I remember when we took our daughters to the amusement park.
They begged me to ride the roller coaster.
I resisted their entreaties. I didn’t think I’d enjoy it – in fact I suspected it might be a rather unpleasant experience. I didn’t like the prospect of sudden jolts – or steep climbs or speeding descents.
Finally, I relented.
As I was sitting in the small seat, the steel bar shut tight. Then the roller coaster started slowly moving down the narrow track. I had this sudden feeling of panicked regret. Perhaps this wasn’t such a good idea.
What would this ride be like – really?
Too late – I was on and locked in.
I had a similar sudden apprehension at around 2:30 Wednesday morning when I first saw the words flash across the television screen – words I never once expected to ever see – “President-elect Donald Trump”.
A nation divided by the most contentious presidential campaign in our lifetime was suddenly united by shock.
The watching world was stunned.
I had gone to the polls and bought my ticket on the Trump Train – with some serious misgivings. I was forced into it by my convictions, and even more serious reservations about the other candidate.
As I settled in to watch the returns of an election I’d followed closely, there was nothing that told me this would be anything other than a comfortable win for Hillary Clinton.
I was not alone.
While some predicted an upset, I’d seen too many elections to think tonight would be one. Trump might run closer than expected – that’s the best anyone could hope for.
Voters could at least send a message.
I don’t think Donald Trump thought he would win – though he put on the requisite brave face in the closing days. He predicted a big surprise, said he’d sweep the industrial Midwest, spoke of a massive movement of voters who would rise up and elect him.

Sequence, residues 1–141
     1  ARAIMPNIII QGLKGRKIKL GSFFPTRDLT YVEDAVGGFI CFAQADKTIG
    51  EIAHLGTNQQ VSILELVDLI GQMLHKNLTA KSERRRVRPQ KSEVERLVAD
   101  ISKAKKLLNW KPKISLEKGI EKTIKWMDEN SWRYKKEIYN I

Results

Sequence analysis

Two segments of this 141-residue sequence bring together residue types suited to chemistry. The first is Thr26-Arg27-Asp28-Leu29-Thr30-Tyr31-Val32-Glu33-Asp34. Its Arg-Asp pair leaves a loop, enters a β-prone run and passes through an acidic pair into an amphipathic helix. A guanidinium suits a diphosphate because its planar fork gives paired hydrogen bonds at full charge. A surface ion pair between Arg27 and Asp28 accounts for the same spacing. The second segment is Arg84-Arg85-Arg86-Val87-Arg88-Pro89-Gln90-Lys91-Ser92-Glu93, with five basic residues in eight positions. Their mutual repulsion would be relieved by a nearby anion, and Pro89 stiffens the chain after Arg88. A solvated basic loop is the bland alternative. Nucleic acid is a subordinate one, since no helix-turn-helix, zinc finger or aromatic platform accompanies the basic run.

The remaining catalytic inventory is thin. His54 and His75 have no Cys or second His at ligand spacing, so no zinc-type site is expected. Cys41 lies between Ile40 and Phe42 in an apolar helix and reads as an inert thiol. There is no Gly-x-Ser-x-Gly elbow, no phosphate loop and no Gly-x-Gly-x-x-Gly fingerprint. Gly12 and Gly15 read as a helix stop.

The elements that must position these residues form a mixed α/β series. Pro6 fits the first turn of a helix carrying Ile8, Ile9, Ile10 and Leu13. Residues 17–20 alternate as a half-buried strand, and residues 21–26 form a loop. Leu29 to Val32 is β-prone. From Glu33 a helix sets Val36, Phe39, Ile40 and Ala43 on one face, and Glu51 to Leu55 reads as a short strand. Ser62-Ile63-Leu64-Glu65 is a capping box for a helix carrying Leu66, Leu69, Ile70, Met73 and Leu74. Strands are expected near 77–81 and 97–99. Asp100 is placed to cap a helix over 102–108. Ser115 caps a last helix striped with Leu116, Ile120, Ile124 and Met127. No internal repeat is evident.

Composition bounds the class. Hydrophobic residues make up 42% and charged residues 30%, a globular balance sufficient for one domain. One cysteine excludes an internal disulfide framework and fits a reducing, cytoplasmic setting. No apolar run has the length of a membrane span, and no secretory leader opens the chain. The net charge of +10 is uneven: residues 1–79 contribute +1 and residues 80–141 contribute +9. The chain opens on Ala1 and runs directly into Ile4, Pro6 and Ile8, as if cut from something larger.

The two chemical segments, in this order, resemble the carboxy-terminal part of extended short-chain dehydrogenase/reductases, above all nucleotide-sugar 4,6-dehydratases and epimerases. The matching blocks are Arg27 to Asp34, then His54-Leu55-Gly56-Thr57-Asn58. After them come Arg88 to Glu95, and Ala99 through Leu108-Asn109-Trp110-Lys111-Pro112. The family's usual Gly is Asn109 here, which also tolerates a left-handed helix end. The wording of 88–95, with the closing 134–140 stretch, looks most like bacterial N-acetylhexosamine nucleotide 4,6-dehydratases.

It had crossed my mind that maybe there were enough angry voters out there willing to take a chance on Trump. This might be the year. But it would be the “miracle” a Trump aide said they needed.
The media elite and pollsters were unambiguously unanimous. It wasn’t going to happen.
Then it did.
Slowly, through the evening, Donald Trump held onto his early lead – in popular votes and, more critically, in the Electoral College.
The big states were close – Florida, North Carolina, Ohio. But he carried them all. Then Trump grabbed a lead in states that should have been hers – Wisconsin, Michigan, even Democratic Pennsylvania.
The blue collar revolt was in full angry swing. Donald Trump was the chosen instrument of its wrath – delivered upon an arrogant and unresponsive Washington establishment in both parties.
And so it was that you and I witnessed extraordinary history this week.
Donald J. Trump is as unlikely a president as we’ve ever elected. His victory is the biggest upset since Truman beat Dewey in 1948. Culturally, it’s a much bigger upset – it’s an earthquake.
Our country’s never seen anything like this.
Donald Trump is the first person to enter the White House with neither political nor military experience. The Ship of State sails into uncharted waters. The most erudite experts are of no help. They’ve already been totally wrong and blindsided.
Nobody had seriously pondered this because nobody took it seriously. President Trump? Seriously?
Now we all must. And we’d be naïve not to be a bit concerned.
We tend to be polarized in our reaction to a new president. It’s either the end of the world or the beginning of utopia. Neither is true of course.
Upon assuming the presidency, a young and untried JFK said he was surprised to discover that things were as bad as he had alleged during the campaign. “In the final analysis,” he later observed, “it’s easier to make the speeches than it is to make the judgments”.
It’s easier to promise than to perform; to campaign and market than to govern and lead.
Perhaps that’s why Donald Trump was uncharacteristically subdued when he went to Washington this week. He’s now getting the daily security briefings. Soon he’ll know how tough this job is.
President-elect Trump needs our prayers. May God grant him wisdom, compassion, humility, courage, and integrity. May this new and entirely unorthodox leader – who will be sure to lead in unorthodox ways – help to heal the deep divisions and unite our nation.
That won’t be easy.
President Trump’s going to make mistakes and we are sometimes going to disagree with him. He will disappoint. Leaders do that. May God help us to be hopefully realistic and prayerfully patient.
This is going to be quite a roller-coaster ride.
God knows the end from the beginning. He knows every moment of the next four years.
“Be still, and know that I am God,” he reminds us. “I will be honored by every nation. I will be honored throughout the world” (Psalm 46:10, NLT).
God is our trust. May our new president look to Him.
So hang on! We take this uncertain ride together. There will be steep climbs, sharp turns and speeding descents. Whatever happens, it won’t be boring.
“The Lord of hosts is with us; the God of Jacob is our refuge. Selah” (Psalm 46:11, KJV).